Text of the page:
Four years ago Payne won silver behind Larisa Ilchenko. The Russian is not in London and the main challenge will come from the likes of Martina Grimaldi, a Neapolitan policewomen who took silver in Shanghai, the Australian psychology student Melissa Gorman, and Marianna Lymperta of Greece, the world bronze medallist. But any of the top 10 is capable of having a decisive day, or a disastrous one.

"Being an open-water swimmer you have to be versatile, being prepared for anything," said Payne. "We've always been taught as swimmers to expect the unexpected."

What's on TV...

BBC 1 9am-11.30am, 11.30-1pm, 1.45pm-4pm, 4pm-6pm, 7pm-10pm

BBC 2 1pm-2.15pm, 6pm-7pm, 10pm-10.40pm

BBC 3 8.55am-12.45pm, 12.45pm-7pm, 7pm-11pm

9.30am Canoe sprint finals Men's C2 1,000m begins, with the men's K4 1,000m at 9.48am. At 10.08am there's the women's K1 500m in Final A, featuring Britain's Rachel Cawthorn, before pair Abigail Edmonds and Louisa Sawers are in the women's K2 500m Final B at 10.42am.

10.00am Diving The semi-finals of the women's 10m platform event takes place.

11.30am Swimming The 10km women's marathon takes place and home hopes lie with Keri-Anne Payne. The 24-year-old – the first Briton to qualify for the Games – will be desperate to go one better after winning silver in Beijing.

From 12:30pm Dressage Laura Bechtolsheimer competes in the individual dressage Grand Prix freestyle, as do fellow Britons Charlotte Dujardin and Carl Hester.

1.00pm Football The bronze women's match bet-ween France and Canada kicks off at the City of Coventry Stadium.

1.45pm Sailing Watch action from Weymouth as the men's 470 sailing medal reaches its climax.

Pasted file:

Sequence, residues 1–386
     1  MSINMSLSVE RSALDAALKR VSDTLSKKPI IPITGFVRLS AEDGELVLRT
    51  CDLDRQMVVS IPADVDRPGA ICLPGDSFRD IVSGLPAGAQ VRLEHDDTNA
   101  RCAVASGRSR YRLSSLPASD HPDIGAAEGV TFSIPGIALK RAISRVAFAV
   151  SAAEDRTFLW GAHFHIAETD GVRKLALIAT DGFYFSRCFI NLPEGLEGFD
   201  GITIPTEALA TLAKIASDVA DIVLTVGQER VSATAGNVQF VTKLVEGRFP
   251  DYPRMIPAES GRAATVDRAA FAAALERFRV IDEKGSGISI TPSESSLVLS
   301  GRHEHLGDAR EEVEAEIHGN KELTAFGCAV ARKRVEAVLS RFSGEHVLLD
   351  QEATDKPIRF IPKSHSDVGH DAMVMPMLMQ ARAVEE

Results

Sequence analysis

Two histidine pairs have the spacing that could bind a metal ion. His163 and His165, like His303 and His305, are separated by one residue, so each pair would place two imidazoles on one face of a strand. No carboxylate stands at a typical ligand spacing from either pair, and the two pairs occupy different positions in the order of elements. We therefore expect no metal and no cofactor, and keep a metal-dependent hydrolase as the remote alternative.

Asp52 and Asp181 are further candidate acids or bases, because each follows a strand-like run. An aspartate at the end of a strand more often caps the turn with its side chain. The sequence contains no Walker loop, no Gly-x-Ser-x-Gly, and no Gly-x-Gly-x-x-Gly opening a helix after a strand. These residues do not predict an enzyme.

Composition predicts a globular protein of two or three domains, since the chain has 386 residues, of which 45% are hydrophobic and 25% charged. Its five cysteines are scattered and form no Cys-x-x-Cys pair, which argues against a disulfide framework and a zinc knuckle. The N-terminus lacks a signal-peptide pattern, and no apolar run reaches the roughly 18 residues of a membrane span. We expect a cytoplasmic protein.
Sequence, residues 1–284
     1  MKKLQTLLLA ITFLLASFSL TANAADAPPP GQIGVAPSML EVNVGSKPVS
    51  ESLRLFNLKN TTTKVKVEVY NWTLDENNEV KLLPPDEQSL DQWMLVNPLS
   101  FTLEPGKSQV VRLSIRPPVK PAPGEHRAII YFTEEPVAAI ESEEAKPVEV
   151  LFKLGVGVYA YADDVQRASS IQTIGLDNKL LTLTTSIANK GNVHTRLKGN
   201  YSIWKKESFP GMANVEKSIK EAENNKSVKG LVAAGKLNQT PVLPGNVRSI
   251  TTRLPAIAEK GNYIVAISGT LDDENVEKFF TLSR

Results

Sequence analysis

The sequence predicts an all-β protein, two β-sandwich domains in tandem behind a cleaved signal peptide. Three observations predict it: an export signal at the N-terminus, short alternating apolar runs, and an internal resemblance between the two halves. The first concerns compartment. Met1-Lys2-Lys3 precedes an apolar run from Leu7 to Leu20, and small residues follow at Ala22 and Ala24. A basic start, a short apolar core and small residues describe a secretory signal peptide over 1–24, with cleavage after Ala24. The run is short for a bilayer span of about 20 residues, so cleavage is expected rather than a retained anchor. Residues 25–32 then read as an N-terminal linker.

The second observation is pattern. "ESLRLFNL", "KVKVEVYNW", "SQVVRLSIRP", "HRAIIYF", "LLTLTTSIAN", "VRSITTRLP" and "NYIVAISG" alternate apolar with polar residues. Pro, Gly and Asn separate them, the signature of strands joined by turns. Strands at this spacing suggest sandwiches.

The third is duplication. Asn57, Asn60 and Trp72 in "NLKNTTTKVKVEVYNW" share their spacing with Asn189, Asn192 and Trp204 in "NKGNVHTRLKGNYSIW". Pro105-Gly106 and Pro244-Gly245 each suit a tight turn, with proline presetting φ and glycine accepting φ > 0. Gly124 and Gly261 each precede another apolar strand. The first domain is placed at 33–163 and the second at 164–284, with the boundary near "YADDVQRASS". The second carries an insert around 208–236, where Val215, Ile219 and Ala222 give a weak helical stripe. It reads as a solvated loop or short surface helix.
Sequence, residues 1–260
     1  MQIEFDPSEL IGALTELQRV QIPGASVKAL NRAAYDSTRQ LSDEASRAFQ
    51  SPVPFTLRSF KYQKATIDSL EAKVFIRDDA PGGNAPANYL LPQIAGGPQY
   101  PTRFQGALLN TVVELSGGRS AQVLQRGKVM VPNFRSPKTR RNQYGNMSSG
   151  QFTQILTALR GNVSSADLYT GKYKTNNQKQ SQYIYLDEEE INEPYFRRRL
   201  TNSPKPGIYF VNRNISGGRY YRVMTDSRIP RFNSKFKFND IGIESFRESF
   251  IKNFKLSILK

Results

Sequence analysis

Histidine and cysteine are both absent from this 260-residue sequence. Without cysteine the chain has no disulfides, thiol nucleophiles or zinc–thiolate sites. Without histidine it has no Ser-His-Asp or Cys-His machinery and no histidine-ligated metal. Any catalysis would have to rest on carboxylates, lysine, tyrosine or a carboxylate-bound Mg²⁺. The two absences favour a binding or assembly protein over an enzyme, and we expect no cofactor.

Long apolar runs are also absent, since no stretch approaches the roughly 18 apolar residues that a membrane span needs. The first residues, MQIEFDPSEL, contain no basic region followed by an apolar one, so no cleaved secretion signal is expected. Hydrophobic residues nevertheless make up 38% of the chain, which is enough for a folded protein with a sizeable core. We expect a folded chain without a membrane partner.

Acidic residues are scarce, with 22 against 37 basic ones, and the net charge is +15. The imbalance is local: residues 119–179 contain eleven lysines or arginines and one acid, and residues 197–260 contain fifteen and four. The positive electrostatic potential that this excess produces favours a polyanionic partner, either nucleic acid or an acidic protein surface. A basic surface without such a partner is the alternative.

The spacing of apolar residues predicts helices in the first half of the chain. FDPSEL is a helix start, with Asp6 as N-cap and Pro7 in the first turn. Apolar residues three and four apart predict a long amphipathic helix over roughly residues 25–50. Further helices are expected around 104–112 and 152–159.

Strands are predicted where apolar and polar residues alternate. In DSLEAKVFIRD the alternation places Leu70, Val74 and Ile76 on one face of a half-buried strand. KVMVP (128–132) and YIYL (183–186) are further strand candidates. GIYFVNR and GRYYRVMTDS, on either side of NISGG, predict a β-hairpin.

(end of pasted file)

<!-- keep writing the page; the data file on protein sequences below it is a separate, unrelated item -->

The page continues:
3pm Cycling The men's quarter-final of the BMX Track, featuring Liam Phillips.

4pm Boxing Nicola Adams, the two-time World Championship silver medallist, goes for gold in the flyweight final where she faces Cancan Ren of China at 4.30pm. Ireland's Katie Taylor is in the lightweight final at 4.45pm, in which she is up against Russian No 2 seed, Sofya Ochigava, a repeat of the world championships final.

5.00pm Basketball The opening semi-final in the women's event between Australia and United States.

7.20pm Athletics British hopes in the triple jump final had fallen on Phillips Idowu, but the 33-year-old failed to qualify in the top 12 on Tuesday.

7.30pm Athletics Great Britain's Lynsey Sharp goes in the women's 800m semi-finals.

7.45pm Football The women's final at Wembley between defending champions the US and Japan.

8pm Hockey Men's semi-final. Great Britain continue their quest to emulate the boys of '88 as they take on the Netherlands at the Riverbank Arena.

8pm Athletics Briton Andrew Osagie competes in the 800m men's final.

8.55pm Athletics In the men's 200m final, the spotlight falls on Usain Bolt to complete a second successive 100m and 200m double at an Olympic Games, having easily defended his 100m final title on Sunday. But the 25-year-old Jamaican faces stiff opposition from compatriot Yohan Blake, the second fastest man ever over the distance.

9.00pm Athletics Women's javelin throw final.

9.20pm Athletics The final event of the decathlon, the 1,500m, begins.

9.20pm Taekwondo Jade Jones competes in finals of the women's -57kg division at 10.15pm, while Martin Stamper lines up in the men's -68kg at 10.30pm.